By Dr Ananya Mandal, MD
Hepatitis C seldom manifests with symptoms especially in the early stages. However, these individuals are capable of spreading the infection. This makes diagnosing the disease early vital.
Blood tests are available to check for this infection. Blood tests for screening for hepatitis C may be undertaken in the sexual health clinic, GUM (genitourinary medicine) clinic or drug treatment service as well.
Screening in persons at high risk
Screening for Hepatitis C on a regular basis is important for some persons at high risk. These individuals are:-
Current and previous injection drug abusers.
Those who have received blood transfusions before September 1991 or organ or tissue transplants before 1992 in UK when these were not tested for hepatitis C infection.
Persons receiving organ or tissue transplants or blood transfusions in countries where hepatitis C is common.
Sexual partners of those infected with hepatitis C.
Infants and children of mothers with hepatitis C.
Healthcare workers who have had accidental needle-stick injury or splash injury.
Persons who have had a tattoo or piercing at a place where equipment may not have been properly sterilised.
Blood tests for hepatitis C infection
The Antibody test or anti hepatitis C test
This test, simply put, detects if the person has ever been exposed to the hepatitis C virus.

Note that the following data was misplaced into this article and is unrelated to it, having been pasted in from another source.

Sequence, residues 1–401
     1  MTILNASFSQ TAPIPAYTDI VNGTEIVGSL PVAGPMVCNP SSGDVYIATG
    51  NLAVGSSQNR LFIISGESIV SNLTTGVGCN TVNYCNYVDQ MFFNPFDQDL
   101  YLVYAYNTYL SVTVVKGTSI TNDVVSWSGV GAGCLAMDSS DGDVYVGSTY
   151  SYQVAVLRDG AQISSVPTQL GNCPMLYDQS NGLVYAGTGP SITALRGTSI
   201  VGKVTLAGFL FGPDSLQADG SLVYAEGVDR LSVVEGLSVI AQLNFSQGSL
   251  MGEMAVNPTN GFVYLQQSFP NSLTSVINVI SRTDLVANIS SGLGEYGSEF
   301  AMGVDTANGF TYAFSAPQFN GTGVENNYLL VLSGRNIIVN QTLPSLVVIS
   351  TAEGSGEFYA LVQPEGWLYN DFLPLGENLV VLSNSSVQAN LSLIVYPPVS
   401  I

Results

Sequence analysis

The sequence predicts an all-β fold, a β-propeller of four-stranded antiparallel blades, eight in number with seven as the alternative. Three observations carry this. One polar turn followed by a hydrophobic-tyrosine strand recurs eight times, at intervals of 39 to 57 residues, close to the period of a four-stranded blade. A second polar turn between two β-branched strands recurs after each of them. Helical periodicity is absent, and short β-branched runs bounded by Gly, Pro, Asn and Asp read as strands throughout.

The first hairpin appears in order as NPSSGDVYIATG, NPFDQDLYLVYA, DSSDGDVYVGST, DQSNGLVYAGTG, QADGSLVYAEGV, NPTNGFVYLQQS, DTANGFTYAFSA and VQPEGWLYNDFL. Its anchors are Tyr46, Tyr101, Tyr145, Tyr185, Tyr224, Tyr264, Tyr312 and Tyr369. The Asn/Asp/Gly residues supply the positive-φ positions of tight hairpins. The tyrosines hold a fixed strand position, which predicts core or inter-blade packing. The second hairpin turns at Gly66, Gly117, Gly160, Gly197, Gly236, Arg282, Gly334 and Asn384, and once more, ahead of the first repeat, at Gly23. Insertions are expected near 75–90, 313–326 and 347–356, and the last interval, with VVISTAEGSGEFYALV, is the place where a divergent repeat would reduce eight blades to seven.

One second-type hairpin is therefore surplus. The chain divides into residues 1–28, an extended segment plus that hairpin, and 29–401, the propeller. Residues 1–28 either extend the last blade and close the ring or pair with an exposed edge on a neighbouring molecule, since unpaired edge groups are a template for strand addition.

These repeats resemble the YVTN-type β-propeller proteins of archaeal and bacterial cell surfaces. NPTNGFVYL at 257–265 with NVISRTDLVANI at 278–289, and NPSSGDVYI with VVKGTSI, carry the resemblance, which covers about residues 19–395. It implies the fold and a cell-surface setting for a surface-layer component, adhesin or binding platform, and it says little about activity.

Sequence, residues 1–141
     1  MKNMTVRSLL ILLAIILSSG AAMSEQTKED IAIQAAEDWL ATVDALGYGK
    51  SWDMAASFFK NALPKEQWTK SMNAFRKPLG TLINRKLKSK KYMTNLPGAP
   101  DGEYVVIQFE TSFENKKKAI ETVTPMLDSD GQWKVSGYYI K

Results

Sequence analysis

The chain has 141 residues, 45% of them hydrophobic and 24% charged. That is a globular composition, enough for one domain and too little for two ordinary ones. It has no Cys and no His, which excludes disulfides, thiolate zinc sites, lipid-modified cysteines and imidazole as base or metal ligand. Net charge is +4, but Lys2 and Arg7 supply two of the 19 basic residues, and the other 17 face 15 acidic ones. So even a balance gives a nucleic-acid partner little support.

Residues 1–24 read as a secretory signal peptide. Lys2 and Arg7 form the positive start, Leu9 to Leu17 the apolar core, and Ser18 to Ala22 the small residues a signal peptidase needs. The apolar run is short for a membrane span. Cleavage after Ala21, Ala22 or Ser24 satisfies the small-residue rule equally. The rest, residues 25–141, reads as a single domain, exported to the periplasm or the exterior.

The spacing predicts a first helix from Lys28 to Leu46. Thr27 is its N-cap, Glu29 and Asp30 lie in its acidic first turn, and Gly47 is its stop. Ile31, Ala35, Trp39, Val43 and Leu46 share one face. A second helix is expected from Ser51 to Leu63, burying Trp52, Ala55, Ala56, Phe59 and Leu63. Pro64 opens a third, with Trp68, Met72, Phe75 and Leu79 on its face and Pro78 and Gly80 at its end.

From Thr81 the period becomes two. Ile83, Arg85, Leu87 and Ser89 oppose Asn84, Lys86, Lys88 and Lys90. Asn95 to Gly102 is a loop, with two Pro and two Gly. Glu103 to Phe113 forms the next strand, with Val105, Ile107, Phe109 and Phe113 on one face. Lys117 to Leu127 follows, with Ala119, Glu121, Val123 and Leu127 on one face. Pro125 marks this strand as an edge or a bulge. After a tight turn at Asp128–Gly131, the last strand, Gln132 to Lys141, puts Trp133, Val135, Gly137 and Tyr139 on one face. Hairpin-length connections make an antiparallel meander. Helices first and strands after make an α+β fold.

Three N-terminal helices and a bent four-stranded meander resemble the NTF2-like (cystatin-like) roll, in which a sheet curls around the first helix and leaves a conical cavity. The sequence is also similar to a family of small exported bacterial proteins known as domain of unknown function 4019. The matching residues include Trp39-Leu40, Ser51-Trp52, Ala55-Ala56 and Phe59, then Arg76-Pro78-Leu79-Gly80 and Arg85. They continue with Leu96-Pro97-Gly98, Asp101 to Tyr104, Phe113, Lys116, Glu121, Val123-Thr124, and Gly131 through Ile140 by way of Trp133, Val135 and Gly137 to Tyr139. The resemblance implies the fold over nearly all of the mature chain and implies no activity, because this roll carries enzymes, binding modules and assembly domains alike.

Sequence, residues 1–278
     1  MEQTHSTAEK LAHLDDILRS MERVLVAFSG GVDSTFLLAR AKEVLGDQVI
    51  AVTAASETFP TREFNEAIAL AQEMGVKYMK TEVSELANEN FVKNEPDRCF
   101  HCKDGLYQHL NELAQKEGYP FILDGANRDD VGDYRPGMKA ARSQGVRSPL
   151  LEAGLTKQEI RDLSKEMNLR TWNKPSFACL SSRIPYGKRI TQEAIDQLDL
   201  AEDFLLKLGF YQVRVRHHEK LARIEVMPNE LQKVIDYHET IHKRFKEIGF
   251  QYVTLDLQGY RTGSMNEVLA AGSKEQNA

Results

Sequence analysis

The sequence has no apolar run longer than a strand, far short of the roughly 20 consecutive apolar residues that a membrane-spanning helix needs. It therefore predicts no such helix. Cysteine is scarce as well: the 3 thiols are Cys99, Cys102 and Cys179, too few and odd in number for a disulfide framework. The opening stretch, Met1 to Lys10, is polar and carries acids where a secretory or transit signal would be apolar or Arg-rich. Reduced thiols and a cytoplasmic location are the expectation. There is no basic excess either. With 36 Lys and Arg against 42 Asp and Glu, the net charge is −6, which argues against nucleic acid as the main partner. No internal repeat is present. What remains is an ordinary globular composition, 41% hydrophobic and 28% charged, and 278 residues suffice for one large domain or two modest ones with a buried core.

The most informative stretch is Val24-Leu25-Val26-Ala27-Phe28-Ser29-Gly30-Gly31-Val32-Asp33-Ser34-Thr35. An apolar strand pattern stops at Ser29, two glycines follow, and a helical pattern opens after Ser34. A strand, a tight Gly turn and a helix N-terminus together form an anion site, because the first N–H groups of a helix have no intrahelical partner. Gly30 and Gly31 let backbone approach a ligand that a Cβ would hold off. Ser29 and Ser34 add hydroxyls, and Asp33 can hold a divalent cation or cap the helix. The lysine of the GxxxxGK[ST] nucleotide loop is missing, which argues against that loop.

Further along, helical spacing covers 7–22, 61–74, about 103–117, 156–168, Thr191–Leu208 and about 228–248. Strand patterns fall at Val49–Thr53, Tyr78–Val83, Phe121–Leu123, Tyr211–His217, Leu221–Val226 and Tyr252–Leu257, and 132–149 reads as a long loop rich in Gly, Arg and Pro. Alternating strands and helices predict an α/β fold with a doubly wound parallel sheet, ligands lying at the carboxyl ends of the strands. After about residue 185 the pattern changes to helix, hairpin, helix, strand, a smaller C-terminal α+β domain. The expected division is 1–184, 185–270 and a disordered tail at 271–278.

When the body is exposed to an infective organism, it raises antibodies against it. Some antibodies acquired after an infection may last for years or may lie dormant until the person is infected again.
This is the principle behind most viral infections like chicken pox which usually do not recur after the person has developed antibodies against it.
The antibody test for hepatitis C detects presence of such proteins produced by the immune system to fight the virus. However, development of these antibodies against the infection may take some time – usually some months. Thus the test will not show a positive reaction for some months after infection.
If the antibody test is negative but the person still has symptoms, the test may be advised to be repeated again. If the test is positive it indicates infection. However, an earlier infection that has already been cleared by the blood will also show a positive result.
In addition positive anti-HCV IgM levels are found in 50-93% of patients with acute hepatitis C and in 50-70% of patients with chronic hepatitis C. Therefore, anti-HCV IgM cannot be used as a reliable marker of acute HCV infection. To confirm a current infection the PCR test is recommended.
The PCR test
The PCR test or the Polymerase Chain Reaction test is applied to detect the presence of the reproducing and multiplying virus hepatitis C in the body.
A positive test is reported as detectable and indicates the infection has progressed to a chronic (long-term) stage.
This test usually takes around two weeks to process. Genotyping and quantitative hepatitis C RNA tests are performed before treatment of patients.
Those with possible long term infection with hepatitis C are also prescribed other tests including:-
Liver function tests – these detect the extent of damage to the liver. Liver function tests measure certain enzymes and proteins in blood to detect adequate functioning of the liver. These include bilirubin, ALT, AST, alkaline phosphatase, prothrombin time, total protein, albumin, globulin etc. A liver biopsy may be advised in severe cases of liver cirrhosis, scarring or possible liver cancer.
Complete blood count, and coagulation studies
Reviewed by April Cashin-Garbutt, BA Hons (Cantab)